12 November 2006

On the proposal to raise the school-leaving age

There is a proposal to raise the school-leaving age to 18. How truly terrible. Incarceration, and exposure to social hostility, from 5 to 18!

Yet another blow against the intelligent and driveful. In the case of a person with an IQ of 150, no release from prison until the mental age of 27. Schools are no longer a place that is suitable for the academically inclined, and I would recommend most people, whether academically inclined or not, to leave school at the earliest possible age and concentrate on becoming as rich as possible by business or investment. If he/she builds up a cushion of capital, he can then think about cultural, intellectual or artistic interests. (He could come and join my consortium, even if only temporarily, which might give him some constructive ideas!)

There is, as usual, no consideration for mental age. A person with an IQ of 180 reaches a mental age of 18 when he has a chronological age of 10. It is already the case that many with IQs above average become too disenchanted with the school experience and leave school as soon as they can, rather than staying on to try to get to university. As the school and university experience becomes increasingly trivial and demoralising, so the desire to extend and enforce it becomes stronger in those with the power to legislate for this.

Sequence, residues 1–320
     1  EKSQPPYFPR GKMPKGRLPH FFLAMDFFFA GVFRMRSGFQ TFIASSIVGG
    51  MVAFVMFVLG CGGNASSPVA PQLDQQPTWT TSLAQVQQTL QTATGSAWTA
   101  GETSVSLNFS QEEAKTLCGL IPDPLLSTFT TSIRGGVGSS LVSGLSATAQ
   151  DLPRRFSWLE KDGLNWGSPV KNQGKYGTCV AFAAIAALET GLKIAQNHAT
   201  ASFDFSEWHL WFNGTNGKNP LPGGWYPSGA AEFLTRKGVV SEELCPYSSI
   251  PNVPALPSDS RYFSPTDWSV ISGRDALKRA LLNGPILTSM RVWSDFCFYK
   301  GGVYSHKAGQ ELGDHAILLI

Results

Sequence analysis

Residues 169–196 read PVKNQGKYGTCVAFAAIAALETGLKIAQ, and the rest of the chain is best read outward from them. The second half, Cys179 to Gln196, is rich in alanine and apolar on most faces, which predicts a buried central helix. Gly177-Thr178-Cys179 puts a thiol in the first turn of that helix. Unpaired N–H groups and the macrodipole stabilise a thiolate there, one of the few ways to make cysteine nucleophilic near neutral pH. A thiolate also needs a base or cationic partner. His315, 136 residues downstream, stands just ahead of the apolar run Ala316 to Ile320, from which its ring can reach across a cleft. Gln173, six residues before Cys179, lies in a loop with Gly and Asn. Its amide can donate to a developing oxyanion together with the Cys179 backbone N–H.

If it were possible to leave school as soon as a certain level of proficiency at reading, writing and arithmetic has been attained, as it was in my grandfather’s day (who had a high IQ and left school at 12), it is easy to imagine that many of the brightest might leave school at about 8 and set about making their way in the world.

Who is to pay for the extra two years of incarceration, by the way? Taxation has already reached a level at which it is difficult to see how more can be squeezed out of the productive population, except by such ingenious measures as:
- fining parents for the misdemeanours of their children, who are being trained at school in discontented rebelliousness against property-owners, or
- fining the parents for failing to force their children to attend the schools when they have no wish to do so.

And who is to say that the ways in which these children want to spend their time would be more damaging than time spent in school?